And so I began to explore the options available. At first I started as a coach – working with people to help them realise their goals and make the sort of changes I had wrought in my own life. On top of this, I trained as a Master Practitioner of Neuro-Linguistic Programming (NLP) a psychological technology that restored power to individuals, allowing them to make massive changes in their lives. I added a qualification in hypnosis, simply because no-one understood what NLP actually was.

A gruelling three week programme saw me obtain the coveted title of ‘Trainer of Neuro-Linguistic Programming’ – certified to be able to run my own NLP trainings and adding depth to my ability as a public speaker. I worked with other companies to coach on major programmes, and became an expert in practical demonstrations of the power of the mind – board breaking, iron bar bending, and the fearsome firewalk and meditative glass walk.

And the more I explored the power of the unconscious, unlocking the power of human potential through helping people to rewire their conscious to achieve the results they wanted, the more I became aware that there was more to our own personal power. There seemed to be a supernormal aspect to our beings, that what we saw in this physical realm was only a faint shadow of the true power open to each one of us.

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I travelled to Peru, walking the Inca trail to Macchu Picchu and heard a still small voice speak to me as I looked down over the ancient city spread out below me. I rafted down the Colorado River through the Grand Canyon, and found myself learning deep lessons and stories from the rock around me, as we went deeper and deeper into the layers of stone etched out by the river – as we bounced and span through rapids and over rocks and waterfalls. I grew a beard and shaved my head. I learned to dance, learned to ski and to snowboard, took a course in fire eating, studied to be a bodyguard,threw myself out of a perfectly good aeroplane, got my second dan karate black belt…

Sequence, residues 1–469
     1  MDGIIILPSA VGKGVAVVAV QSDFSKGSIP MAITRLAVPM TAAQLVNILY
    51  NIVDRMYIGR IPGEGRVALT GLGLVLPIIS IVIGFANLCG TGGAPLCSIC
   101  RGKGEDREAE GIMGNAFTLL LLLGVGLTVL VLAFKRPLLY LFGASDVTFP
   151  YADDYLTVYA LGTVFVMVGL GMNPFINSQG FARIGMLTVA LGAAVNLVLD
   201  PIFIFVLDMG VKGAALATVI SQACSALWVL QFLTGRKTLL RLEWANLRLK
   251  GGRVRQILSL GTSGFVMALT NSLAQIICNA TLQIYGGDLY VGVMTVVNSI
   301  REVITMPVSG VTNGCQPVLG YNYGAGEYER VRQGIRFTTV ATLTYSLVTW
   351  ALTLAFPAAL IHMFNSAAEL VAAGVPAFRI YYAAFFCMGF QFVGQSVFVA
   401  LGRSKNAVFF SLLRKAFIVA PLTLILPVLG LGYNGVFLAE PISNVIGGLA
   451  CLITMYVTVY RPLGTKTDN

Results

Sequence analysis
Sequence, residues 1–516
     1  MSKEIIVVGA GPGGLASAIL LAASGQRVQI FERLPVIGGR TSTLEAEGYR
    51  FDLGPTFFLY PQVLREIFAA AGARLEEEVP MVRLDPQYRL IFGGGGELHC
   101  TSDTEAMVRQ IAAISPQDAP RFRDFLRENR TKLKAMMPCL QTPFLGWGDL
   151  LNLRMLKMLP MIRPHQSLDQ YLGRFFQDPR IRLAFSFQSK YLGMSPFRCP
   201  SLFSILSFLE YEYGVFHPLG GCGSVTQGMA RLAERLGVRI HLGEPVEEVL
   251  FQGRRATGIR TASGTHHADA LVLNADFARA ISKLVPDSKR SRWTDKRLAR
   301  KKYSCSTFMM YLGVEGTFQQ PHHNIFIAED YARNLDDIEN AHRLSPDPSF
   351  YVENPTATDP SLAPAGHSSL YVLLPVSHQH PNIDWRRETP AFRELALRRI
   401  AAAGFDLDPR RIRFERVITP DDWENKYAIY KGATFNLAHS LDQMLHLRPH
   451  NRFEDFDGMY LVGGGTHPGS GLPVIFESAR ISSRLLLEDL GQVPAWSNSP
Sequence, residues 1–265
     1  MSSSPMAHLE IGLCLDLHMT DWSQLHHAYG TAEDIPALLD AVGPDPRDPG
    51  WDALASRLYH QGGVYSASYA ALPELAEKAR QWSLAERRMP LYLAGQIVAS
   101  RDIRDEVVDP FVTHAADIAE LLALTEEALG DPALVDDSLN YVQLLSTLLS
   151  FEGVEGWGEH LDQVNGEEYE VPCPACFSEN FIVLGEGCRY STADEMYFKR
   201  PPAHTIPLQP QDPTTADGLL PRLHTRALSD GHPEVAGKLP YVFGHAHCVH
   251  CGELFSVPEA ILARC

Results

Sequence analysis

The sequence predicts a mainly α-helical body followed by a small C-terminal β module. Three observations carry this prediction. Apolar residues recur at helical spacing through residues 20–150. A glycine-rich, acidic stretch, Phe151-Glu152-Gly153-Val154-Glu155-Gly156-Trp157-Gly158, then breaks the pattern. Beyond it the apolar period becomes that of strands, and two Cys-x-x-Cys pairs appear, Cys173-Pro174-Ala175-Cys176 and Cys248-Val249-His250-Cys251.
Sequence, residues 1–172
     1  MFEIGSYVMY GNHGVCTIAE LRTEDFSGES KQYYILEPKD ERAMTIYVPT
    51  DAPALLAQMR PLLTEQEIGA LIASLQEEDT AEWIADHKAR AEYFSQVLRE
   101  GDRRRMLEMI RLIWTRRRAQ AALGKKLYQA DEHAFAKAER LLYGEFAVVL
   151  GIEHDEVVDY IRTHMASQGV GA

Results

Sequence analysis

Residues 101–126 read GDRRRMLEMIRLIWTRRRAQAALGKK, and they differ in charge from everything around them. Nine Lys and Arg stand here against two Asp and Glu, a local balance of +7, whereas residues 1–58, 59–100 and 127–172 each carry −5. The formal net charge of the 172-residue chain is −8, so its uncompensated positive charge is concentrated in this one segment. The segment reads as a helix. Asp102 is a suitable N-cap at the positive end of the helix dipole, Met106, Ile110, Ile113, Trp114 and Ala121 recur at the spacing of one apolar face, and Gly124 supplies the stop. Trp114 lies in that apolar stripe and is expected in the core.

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I moved town, with my children, to create a gap between my old life and my new. I made new friends. Learned new skills. Had fun.

I ran coaching programmes for sales staff, communications programmes for help line operators, worked with individuals and companies….I was regarded as one of the people who could really make a difference to people’s lives. People loved what I was doing and the encouragement I brought. I worked on inspirational leadership events, working with attendees to get them through some of the challenges they faced in the seminar programmes.

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Life was good, working out perfectly – or so it seemed…

 

And then disaster struck.

I guess I had seen it coming for a while… but I just worked hard and hoped things would turn round. In early 2008, it became clear that my business was not sustainable. There simply wasn’t enough money coming in to keep me and my family afloat.

With a heavy heart, I decided to start to look for work. I began by approaching technology companies, looking for roles like my previous one. Confident that I had the skills and the understanding to step right back in where I left off, I approached company after company. And met a brick wall of indifference. Too long out of the business. Not up to date.